I was also inherently lazy and always looked for the simplest and easiest way to do something with the least amount of effort. That worked well for video games but not for being fit.
Over the years I steadily built onto my fat supply but I never really thought of myself as obese. Yes I knew I was overweight but even to my eye my natural size spread the weight evenly so I didn't look super fat. At the time, mechanical bathroom scales only went up to 120kg so I had no idea how heavy I actually was.
|Useless for me back then.|
Almost by accident I discovered my true weight and was disgusted with myself. I was working near a scale designed to weigh cargo and on a whim stepped on. The figure of 175kg stared back at me and I quickly stepped off before anyone else could see it. I was emotionally down the entire day and by the end decided it was time to fix my body.
I had several friends that were into body building and figured it was a good place to start. I imagined getting rock hard abs in under a year. I tried a gym membership but work got in the way so I bought a home gym with free weights. I got my body building friends to show me how to workout and set about my programme. After three months of hard work I lost only 5kg and hadn't gained any noticeable muscle. Without seeing results I lost faith in the routine and stopped.
The problem was I received advice on converting fat into muscle from guys that stripped their body down to skin and bones then built it back up into a well oiled muscle machine. They knew all the techniques and meal plans for gaining bulk, but I already had bulk. I needed to convert it to muscle, and adding a body builder's diet was not conducive to weight loss.
|Not intended for use by Heffalumps|
So I tried mixing my love of video games into my weight loss effort and bought myself a Wii Fit. I was excited as my hours of gaming would be a workout. After plugging it in I found a huge fly in my ointment: the balance board only supported up to 150kg. I was 20kg too heavy to start using the accursed thing. That was a very low point for me. What made it worse was that I had friends over when I stood on the board for the first time and a big warning flashed on screen screaming at me to remove the whale that was breaking its back. Right then I created my first real goal: to lose enough weight to use the Wii Fit.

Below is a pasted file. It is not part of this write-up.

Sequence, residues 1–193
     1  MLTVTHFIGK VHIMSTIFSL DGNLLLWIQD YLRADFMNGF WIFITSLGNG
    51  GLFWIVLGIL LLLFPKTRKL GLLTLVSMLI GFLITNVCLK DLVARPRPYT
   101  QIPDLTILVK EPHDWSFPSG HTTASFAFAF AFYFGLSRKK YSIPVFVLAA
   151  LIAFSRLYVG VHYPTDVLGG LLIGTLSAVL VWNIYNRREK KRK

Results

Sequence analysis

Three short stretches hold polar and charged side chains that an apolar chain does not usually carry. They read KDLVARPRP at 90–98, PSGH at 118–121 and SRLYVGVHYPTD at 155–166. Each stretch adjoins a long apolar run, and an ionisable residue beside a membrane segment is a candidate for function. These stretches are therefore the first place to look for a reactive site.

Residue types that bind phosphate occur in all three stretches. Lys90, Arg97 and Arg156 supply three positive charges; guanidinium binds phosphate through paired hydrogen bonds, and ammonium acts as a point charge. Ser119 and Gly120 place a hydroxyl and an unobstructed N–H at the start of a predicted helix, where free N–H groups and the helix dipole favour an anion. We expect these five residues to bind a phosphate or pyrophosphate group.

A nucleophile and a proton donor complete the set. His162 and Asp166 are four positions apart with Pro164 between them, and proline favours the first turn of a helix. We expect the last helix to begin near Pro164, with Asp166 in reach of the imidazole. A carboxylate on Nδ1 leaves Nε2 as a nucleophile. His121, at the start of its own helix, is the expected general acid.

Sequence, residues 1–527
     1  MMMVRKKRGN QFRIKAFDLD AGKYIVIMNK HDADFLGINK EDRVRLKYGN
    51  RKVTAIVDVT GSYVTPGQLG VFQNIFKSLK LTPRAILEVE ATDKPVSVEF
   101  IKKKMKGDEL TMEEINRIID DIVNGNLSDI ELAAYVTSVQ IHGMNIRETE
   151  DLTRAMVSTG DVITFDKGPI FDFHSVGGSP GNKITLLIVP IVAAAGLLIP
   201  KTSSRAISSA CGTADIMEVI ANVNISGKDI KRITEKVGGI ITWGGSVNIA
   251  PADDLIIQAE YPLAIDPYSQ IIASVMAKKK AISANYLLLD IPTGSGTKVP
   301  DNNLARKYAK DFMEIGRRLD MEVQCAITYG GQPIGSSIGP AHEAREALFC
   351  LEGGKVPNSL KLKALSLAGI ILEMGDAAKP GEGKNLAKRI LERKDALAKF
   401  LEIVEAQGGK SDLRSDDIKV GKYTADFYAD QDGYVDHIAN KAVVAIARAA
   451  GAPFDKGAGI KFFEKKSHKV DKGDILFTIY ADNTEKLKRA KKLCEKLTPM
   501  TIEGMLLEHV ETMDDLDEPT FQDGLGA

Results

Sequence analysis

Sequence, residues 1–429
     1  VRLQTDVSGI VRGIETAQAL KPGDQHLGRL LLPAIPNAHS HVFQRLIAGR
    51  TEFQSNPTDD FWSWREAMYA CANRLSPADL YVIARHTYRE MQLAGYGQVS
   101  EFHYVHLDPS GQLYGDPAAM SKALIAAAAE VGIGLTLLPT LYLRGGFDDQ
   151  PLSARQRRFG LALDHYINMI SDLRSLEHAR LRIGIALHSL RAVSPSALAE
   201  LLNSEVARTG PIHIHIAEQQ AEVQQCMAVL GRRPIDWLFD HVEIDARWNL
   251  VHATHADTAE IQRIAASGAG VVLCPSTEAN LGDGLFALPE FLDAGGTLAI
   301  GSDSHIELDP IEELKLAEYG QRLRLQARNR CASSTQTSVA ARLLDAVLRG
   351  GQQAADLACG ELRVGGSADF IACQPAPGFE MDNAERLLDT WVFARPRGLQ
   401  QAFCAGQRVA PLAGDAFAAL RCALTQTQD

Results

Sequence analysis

Until that point my only goal was to lose weight. I didn't have any targets other than to look good naked (did I mention this post comes free with a disturbing image?). Setting this small goal was a giant boon. I had a target weight of 149kg and I wanted it within 3 months. That is where my diet kicked in.
Until then I foolishly decided to keep eating what I normally did, just slightly smaller portions. I figured exercise would drop off the weight. Pizza, Coke, ice-cream, chocolate, fast food, chips and lollies don't mix with a small waist line. Over the years I had dabbled in diets but they all lacked in one key point: I had to completely change my entire diet in one fell swoop. Worse still was the fact the food suggested didn't agree with my taste buds. That is where Weight Watchers (WW) came in.
Without going into much detail, the WW plan allots a certain amount of points per day and food is assigned a value based off its nutritional content. I had about 50 to start with but that reduces as you shed the kilos. A can of coke is 4 points, a chocolate bar is around 6 points, a slice of pizza is 8 points, a hamburger is around 20 points. Most fruit and veggies are zero points, a litre of coconut water is 1 point. A sandwich with two eggs, lettuce, spinach, grated carrot, grated cheese and a slice of bacon is around 10 points and quite filling. So with this approach you can eat healthy while still eating the food you love. I got very good at figuring out how much chocolate I could have with 3 points left for the day.
That was the key for me: moderation. It is why WW succeeded when every other diet failed. By calculating the points for all food I was being educated on what is healthy, what appears healthy but isn't, and what is generally bad. With this lifestyle change I dropped 20kgs in just over 5 weeks.
That kind of rapid weight loss is common at the start for people as obese as I was and isn't a medical problem. It did slow down a lot after this point however, and the next 20kgs took me about a year.
Losing weight is an endurance sport that can take years to win. You need dedication, focus and multiple short term goals to see it through.
Now I was able to use the Wii Fit, however I'd reached a plateau in my journey. I wasn't losing weight but thankfully didn't gain any. That sufficed for the time and I figured I could make a greater effort in a few months as I was pacing myself. That was a nice little lie I told myself. I was the primary driving force behind getting in shape. I had no external help or guidance. I didn't go to WW meetings as I didn't like the people. I needed a support group that shared my interests and helped me stay on track. I found that in martial arts.
I will continue this story in future posts but for now I'll sum up the lessons learned.
- You have to create small short term goals to achieve greater success
- You need the right type of training to reduce weight, body building won't cut it
- You don't have to work hard, 10 minutes of the right exercise a day is a good start
- Change your eating habits slowly
- Get into Weight Watchers or similar programme as it allows the food you love but in smaller quantities and teaches you good nutrition
- Get external support. You can only motivate yourself for so long. Over my journey I changed motivation 7 times as I kept reaching plateaus
- Don't give up. I am almost a decade into my journey and still have a little way to go.